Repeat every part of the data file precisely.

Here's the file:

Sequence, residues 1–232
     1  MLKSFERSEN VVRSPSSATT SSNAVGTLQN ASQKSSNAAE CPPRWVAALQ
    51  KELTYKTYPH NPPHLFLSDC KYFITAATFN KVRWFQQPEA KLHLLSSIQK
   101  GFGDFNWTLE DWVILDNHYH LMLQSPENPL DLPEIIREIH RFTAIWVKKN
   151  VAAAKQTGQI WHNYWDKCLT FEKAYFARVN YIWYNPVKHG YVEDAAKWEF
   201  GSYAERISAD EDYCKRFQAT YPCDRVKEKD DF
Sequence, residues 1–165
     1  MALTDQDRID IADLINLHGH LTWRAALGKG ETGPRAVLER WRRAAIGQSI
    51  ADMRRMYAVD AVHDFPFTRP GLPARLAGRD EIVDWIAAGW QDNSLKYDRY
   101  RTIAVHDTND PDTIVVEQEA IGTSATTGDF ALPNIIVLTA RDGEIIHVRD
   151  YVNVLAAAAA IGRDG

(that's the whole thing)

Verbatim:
Sequence, residues 1–232
     1  MLKSFERSEN VVRSPSSATT SSNAVGTLQN ASQKSSNAAE CPPRWVAALQ
    51  KELTYKTYPH NPPHLFLSDC KYFITAATFN KVRWFQQPEA KLHLLSSIQK
   101  GFGDFNWTLE DWVILDNHYH LMLQSPENPL DLPEIIREIH RFTAIWVKKN
   151  VAAAKQTGQI WHNYWDKCLT FEKAYFARVN YIWYNPVKHG YVEDAAKWEF
   201  GSYAERISAD EDYCKRFQAT YPCDRVKEKD DF
Sequence, residues 1–165
     1  MALTDQDRID IADLINLHGH LTWRAALGKG ETGPRAVLER WRRAAIGQSI
    51  ADMRRMYAVD AVHDFPFTRP GLPARLAGRD EIVDWIAAGW QDNSLKYDRY
   101  RTIAVHDTND PDTIVVEQEA IGTSATTGDF ALPNIIVLTA RDGEIIHVRD
   151  YVNVLAAAAA IGRDG